2.13.2012

On My Nightstand...

...you will find:

  

(Reading again after several months absent) In a Sunburned Country by Bill Bryson
(Still working through) Woe Is I: The Grammarphobe's Guide to Better English in Plain English by Patricia T. O'Conner

What are YOU reading?

{In Review}



West with the Night by Beryl Markham
I started this book back in October at the recommendation of a friend who thought I would enjoy it because of my experiences in aviation and Africa. I tried to like the book, I really did, but I found the first 3/4 of it to be tedious and unnecessarily wordy.  On the upside, I enjoyed learning about Beryl Markham (whom I had never heard of prior to this book), and I certainly admired her fortitude as she struck out in two fields (horse training and aviation) that had previously been dominated by men. In summary: don't toss the book based on my experience. My friend (who hasn't worked in aviation or Africa) loved the book, so  try it for yourself and see what you think!

6 comments:

  1. I so love Bill Bryson. I found I'm a Stranger Here Myself in a used book store in Chatt for 75 cents (woo hoo bargain books!!) before we left. It's on my "to read very soon" list.

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  2. Molly - "I'm a Stranger" made me snort I was laughing so hard. When he talks about frozen food and the ability to buy a canoe at L.L.Bean at 3 AM - oh my gosh! SO FUNNY!!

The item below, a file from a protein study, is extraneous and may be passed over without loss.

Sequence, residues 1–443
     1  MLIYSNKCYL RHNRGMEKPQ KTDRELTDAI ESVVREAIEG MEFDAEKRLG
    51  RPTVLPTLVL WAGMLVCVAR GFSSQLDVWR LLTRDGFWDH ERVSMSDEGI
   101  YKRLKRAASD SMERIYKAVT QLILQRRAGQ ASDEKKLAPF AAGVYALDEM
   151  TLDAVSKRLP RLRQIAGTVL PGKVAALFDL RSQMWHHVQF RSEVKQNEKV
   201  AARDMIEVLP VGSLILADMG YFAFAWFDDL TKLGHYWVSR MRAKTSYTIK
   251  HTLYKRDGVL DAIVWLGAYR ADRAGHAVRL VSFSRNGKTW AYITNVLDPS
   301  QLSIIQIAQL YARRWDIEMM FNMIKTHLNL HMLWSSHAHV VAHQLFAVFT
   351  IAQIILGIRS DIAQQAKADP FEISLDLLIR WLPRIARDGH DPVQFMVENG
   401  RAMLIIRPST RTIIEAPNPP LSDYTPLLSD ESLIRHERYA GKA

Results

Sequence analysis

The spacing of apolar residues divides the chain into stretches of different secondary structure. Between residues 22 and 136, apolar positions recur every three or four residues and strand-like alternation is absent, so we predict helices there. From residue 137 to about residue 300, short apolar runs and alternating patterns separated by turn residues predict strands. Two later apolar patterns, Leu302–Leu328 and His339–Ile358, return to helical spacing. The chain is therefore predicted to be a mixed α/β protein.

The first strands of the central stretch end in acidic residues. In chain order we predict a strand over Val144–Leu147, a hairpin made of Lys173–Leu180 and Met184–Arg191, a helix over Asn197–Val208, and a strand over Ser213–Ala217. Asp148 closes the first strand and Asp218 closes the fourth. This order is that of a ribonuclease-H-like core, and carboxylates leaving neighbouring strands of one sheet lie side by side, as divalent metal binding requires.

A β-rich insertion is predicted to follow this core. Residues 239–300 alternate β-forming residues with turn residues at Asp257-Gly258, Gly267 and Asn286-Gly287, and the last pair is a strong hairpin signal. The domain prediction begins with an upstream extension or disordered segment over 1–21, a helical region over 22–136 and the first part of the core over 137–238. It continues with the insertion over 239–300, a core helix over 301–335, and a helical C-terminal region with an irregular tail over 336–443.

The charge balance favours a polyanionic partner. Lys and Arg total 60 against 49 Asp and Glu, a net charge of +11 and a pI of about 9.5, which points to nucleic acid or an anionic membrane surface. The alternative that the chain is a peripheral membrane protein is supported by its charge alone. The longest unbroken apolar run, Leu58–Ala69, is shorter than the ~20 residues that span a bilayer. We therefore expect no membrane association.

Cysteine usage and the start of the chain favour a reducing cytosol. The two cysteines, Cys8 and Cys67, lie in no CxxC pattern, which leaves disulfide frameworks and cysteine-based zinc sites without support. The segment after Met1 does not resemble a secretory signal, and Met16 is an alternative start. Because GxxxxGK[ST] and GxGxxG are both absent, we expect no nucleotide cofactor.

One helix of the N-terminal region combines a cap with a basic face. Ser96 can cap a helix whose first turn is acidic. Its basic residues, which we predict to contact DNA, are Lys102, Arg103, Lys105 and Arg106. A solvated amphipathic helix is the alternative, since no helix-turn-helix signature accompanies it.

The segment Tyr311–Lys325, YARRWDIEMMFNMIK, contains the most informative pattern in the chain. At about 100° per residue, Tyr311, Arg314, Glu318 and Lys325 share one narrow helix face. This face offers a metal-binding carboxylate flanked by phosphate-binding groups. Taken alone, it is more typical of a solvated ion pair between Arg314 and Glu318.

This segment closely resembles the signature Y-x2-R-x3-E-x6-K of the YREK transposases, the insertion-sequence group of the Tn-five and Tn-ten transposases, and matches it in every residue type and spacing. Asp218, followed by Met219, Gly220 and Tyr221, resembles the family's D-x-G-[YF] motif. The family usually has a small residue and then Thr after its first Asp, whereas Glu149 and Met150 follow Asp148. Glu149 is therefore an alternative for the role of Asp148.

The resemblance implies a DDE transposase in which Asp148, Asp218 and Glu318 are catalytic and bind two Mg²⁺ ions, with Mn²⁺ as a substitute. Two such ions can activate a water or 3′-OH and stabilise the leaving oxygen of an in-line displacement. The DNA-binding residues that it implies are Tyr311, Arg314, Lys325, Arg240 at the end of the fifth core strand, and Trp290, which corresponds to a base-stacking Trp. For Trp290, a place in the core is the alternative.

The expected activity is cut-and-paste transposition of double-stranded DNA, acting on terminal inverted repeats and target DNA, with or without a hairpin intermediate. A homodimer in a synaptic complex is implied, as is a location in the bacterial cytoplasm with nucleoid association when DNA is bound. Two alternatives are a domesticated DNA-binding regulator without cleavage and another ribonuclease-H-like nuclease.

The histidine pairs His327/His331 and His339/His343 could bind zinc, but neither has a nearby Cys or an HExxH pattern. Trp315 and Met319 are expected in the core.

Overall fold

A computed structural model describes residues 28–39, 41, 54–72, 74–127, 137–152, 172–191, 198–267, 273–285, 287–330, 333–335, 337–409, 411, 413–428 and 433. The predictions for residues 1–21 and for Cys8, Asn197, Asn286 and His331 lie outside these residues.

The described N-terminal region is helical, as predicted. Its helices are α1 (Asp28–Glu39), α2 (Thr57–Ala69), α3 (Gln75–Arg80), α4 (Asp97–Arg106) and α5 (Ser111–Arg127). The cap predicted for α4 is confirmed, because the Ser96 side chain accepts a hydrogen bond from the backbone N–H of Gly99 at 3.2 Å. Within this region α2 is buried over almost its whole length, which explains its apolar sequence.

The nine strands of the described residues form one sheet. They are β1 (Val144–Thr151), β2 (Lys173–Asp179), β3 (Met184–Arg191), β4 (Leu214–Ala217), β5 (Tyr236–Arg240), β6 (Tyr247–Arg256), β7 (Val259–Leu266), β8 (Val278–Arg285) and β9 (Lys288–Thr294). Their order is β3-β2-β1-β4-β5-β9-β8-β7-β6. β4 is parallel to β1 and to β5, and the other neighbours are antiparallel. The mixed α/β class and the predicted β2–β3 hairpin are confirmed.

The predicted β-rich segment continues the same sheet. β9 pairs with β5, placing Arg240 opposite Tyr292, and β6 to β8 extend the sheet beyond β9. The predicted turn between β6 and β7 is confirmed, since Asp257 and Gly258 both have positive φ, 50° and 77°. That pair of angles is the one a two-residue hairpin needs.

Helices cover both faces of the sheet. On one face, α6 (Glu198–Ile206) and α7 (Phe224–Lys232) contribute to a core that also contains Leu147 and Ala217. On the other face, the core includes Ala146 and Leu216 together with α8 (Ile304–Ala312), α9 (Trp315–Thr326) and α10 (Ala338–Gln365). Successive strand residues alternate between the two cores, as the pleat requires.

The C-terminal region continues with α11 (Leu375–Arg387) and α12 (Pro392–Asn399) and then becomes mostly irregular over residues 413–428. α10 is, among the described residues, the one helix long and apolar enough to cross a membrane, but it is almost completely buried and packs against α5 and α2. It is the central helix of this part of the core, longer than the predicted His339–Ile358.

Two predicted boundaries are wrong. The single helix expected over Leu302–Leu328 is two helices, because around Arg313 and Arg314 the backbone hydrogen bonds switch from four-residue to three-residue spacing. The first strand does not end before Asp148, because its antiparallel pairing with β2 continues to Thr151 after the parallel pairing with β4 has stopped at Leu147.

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  3. We're total dorks around my house, but Daniel and I read books aloud. We just started "In a Sunburned Country". I love, love Bill Bryson. He makes me laugh out loud.

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  4. Erika - Nothing dorky about that! I read books aloud to Peter all the time! :-) In fact, that's how we got through the HP series - I read them all aloud to Peter. :-)

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  5. Molly, Carrie, and Erika, Quit tempting me! I do NOT need to add more books to my to-read list! I made zero progress this week on the ones I am reading already.

    (So which Bill Bryson book should I start reading first?) :)

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  6. Jamie - I'd start with "I'm a Stranger Here Myself" - mostly because it's discussing American culture from the perspective of someone who has lived outside of the U.S. for a while and is seeing it through fresh eyes.

    A British friend loaned it to me when we were in Botswana, and she said it was OK, but the one she really liked was "Notes from a Small Island" (about England). I tried reading that one first, but my limited knowledge of England made it fall pretty flat for me. I got the feeling that it WOULD BE funny to someone who was from there, had lived there, or had spent any extended amounts of time there, but for me and my few hours of feet-on-English-soil, I just didn't get it.

    However, when I picked up "I'm a Stranger" (the one the Brit, who had spent very little time in the States, thought was just so-so), I couldn't stop laughing. He nails so many of the things about this country that make us great and yet boggle the minds of so many who come here to visit. SO Funny!

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There are more than 400,000 words in the English language. My only request of you is this: Use them wisely.

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